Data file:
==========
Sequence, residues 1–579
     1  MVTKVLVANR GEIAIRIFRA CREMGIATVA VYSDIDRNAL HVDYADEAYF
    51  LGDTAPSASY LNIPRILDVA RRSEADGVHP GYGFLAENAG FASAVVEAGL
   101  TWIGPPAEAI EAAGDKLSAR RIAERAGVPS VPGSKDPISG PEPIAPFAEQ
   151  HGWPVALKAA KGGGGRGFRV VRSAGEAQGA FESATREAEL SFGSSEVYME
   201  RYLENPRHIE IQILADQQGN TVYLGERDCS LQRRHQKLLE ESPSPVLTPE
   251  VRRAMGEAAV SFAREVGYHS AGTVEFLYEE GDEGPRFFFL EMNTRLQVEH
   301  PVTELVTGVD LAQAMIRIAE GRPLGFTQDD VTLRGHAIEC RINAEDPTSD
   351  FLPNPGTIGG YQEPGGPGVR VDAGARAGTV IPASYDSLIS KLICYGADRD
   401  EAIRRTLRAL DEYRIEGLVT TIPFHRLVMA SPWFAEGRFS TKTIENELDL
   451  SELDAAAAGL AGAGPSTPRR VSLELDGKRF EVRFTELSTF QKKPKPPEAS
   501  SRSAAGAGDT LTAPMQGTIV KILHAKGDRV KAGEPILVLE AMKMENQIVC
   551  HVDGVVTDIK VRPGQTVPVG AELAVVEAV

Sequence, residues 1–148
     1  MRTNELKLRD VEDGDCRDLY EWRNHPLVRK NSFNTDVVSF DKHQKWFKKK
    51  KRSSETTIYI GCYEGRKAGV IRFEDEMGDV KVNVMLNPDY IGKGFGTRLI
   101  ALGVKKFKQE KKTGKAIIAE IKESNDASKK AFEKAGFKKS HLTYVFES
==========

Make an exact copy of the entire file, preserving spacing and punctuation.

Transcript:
Sequence, residues 1–579
     1  MVTKVLVANR GEIAIRIFRA CREMGIATVA VYSDIDRNAL HVDYADEAYF
    51  LGDTAPSASY LNIPRILDVA RRSEADGVHP GYGFLAENAG FASAVVEAGL
   101  TWIGPPAEAI EAAGDKLSAR RIAERAGVPS VPGSKDPISG PEPIAPFAEQ
   151  HGWPVALKAA KGGGGRGFRV VRSAGEAQGA FESATREAEL SFGSSEVYME
   201  RYLENPRHIE IQILADQQGN TVYLGERDCS LQRRHQKLLE ESPSPVLTPE
   251  VRRAMGEAAV SFAREVGYHS AGTVEFLYEE GDEGPRFFFL EMNTRLQVEH
   301  PVTELVTGVD LAQAMIRIAE GRPLGFTQDD VTLRGHAIEC RINAEDPTSD
   351  FLPNPGTIGG YQEPGGPGVR VDAGARAGTV IPASYDSLIS KLICYGADRD
   401  EAIRRTLRAL DEYRIEGLVT TIPFHRLVMA SPWFAEGRFS TKTIENELDL
   451  SELDAAAAGL AGAGPSTPRR VSLELDGKRF EVRFTELSTF QKKPKPPEAS
   501  SRSAAGAGDT LTAPMQGTIV KILHAKGDRV KAGEPILVLE AMKMENQIVC
   551  HVDGVVTDIK VRPGQTVPVG AELAVVEAV

Sequence, residues 1–148
     1  MRTNELKLRD VEDGDCRDLY EWRNHPLVRK NSFNTDVVSF DKHQKWFKKK
    51  KRSSETTIYI GCYEGRKAGV IRFEDEMGDV KVNVMLNPDY IGKGFGTRLI
   101  ALGVKKFKQE KKTGKAIIAE IKESNDASKK AFEKAGFKKS HLTYVFES